We use the term gaelic revival most often to refer to the period at the end of the 1800’s when there was a real attempt to give renewed life to Gaelic culture, Gaelic sport and the Gaelic (Irish) language in Ireland.
While there had been attempts in the 1840’s by a group called the Young Irelanders to preserve Irish stories and legends as a way of preserving an Irish identity, the growth in use of English threatened the Gaelic language. Many ordinary Irish people associated Gaelic with poverty and English was the language of the ruling class. Therefore the desire to learn English and the fact that the use of Gaelic was forbidden in schools meant the language went into decline.
In 1893, Douglas Hyde (later to become the first President of the independent Irish State) and Eoin Mac Neill established the Gaelic League (Conradh na Gaeilge). The aim of the gaelic revival movement spearheaded by the League was to give a sense of Irishness back to the people. It wanted to fight against the erosion of the Irish culture, language and traditional Irish sports. The League also wanted to reintroduce the language back into schools.
Although Hyde wanted the League to remain apolitical, the organization attracted many nationalists. Most of the signatories of the 1916 Proclamation, Ireland’s declaration of Independence during the 1916 rebellion, were members. Indeed, Patrick Pearse, its most well-known leader was the editor of the Gaelic League’s newspaper An Claidheamh Soluis (The Sword of Light).
In 1884 the Gaelic Athletic Association (GAA) was established to promote the native sports of hurling and Gaelic football (See also traditional Irish sports). At that time soccer, rugby and cricket were making inroads to Irish sporting life. The native style of football and hurling were in decline. The GAA produced a playing code and rules for the native games. Thanks to the efforts of prominent members such as Michael Cusack, John Wyse Power and Maurice Davin, the decline was halted and the games became the most popular sports in Ireland. The GAA as an organization became a powerful influence on rural communities and exerted an influencethat continues today. (See also Traditional Irish Sports)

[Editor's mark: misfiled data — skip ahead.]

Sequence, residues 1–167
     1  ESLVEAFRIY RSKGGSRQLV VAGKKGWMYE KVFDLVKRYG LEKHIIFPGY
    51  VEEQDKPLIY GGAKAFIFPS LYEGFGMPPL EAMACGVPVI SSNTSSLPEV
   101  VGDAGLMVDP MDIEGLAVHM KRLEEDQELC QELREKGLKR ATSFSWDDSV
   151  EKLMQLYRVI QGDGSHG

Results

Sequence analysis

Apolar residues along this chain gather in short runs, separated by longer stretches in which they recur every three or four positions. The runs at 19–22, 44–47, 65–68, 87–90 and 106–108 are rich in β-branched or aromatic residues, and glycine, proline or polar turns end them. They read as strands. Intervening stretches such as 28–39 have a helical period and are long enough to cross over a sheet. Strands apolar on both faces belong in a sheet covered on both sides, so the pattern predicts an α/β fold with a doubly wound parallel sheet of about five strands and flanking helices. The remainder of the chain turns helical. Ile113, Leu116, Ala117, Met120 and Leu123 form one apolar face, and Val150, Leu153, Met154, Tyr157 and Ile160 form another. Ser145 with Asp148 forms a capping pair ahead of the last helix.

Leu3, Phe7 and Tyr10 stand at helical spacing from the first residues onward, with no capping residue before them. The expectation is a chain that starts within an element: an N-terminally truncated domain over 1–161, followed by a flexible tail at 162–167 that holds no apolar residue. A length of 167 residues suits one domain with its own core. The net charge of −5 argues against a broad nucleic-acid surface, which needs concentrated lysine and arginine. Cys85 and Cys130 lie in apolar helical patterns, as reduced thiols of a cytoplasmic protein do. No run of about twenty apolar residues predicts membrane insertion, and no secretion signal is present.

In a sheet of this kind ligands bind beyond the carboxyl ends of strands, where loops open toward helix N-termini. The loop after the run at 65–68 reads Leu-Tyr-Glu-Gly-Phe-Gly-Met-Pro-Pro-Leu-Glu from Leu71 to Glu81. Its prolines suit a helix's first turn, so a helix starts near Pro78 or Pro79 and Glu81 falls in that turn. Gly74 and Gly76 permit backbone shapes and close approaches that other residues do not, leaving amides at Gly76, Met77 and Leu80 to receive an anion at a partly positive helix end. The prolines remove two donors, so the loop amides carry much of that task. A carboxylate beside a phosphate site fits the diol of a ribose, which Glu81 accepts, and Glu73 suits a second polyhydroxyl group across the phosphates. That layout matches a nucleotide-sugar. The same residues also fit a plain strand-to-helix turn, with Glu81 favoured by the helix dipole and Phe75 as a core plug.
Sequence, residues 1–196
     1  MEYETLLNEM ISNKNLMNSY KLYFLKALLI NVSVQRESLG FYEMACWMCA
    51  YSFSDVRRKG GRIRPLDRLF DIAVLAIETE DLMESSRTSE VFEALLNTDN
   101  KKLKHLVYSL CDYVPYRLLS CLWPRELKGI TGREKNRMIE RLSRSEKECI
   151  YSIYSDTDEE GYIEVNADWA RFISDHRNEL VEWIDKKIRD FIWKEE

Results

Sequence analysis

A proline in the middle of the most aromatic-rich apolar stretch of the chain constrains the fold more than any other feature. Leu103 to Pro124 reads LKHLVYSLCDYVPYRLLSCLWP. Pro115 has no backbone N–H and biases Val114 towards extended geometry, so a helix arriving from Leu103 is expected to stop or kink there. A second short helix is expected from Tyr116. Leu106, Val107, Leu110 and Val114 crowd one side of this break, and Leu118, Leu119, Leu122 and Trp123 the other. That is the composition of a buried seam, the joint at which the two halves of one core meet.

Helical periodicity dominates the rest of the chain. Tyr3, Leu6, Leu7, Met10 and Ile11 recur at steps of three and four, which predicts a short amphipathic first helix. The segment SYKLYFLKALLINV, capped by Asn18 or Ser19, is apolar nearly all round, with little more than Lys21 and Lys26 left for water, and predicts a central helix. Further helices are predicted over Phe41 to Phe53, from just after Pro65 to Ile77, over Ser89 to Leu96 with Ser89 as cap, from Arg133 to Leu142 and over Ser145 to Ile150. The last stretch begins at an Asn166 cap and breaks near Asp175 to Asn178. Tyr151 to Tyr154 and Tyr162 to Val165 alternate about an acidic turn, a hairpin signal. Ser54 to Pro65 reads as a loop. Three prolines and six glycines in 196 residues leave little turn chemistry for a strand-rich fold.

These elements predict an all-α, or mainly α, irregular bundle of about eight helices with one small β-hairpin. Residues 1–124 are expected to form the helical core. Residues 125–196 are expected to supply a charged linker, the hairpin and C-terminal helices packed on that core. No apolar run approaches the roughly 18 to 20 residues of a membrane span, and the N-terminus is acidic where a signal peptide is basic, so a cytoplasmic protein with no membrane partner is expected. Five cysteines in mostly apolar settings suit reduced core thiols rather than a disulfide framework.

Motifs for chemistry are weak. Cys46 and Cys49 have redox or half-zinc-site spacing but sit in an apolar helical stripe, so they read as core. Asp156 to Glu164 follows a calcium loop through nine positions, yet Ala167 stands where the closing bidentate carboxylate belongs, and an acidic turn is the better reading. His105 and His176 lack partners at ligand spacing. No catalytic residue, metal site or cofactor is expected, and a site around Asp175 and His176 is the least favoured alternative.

The power of the Gaelic League grew until Irish Independence in 1922. Both the League and the GAA became increasingly political, heavily influenced by the Irish Republican Brotherhood. In 1905 Arthur Griffith established Sinn Féin, a nationalist political party, which attracted members of both the GAA, the Gaelic League and similar organizations. The Gaelic revival was important to the growth of Sinn Féin and nationalist sentiment at the start of the 20th Century.
Following Ireland’s independence, the Gaelic League’s importance in promoting the Irish language and culture was reduced as the State took on this role. The State made Irish compulsory in schools and set out plans to preserve the culture.
While 42% of the population of Ireland in the 2006 census declared themselves as able to speak Gaelic, known also in Ireland as 'Gaeilge' or simply as 'Irish', the figure is sadly misleading. In reality it includes a huge number of people who can probably just remember a few words from school. The amount of people who can hold a reasonably fluent conversation in the language is below 10%. Given that every student in an Irish school has had 3-4 hours Irish language tuition per week in school for 13 years, this result could only be described at best poor and at worst a dismal failure.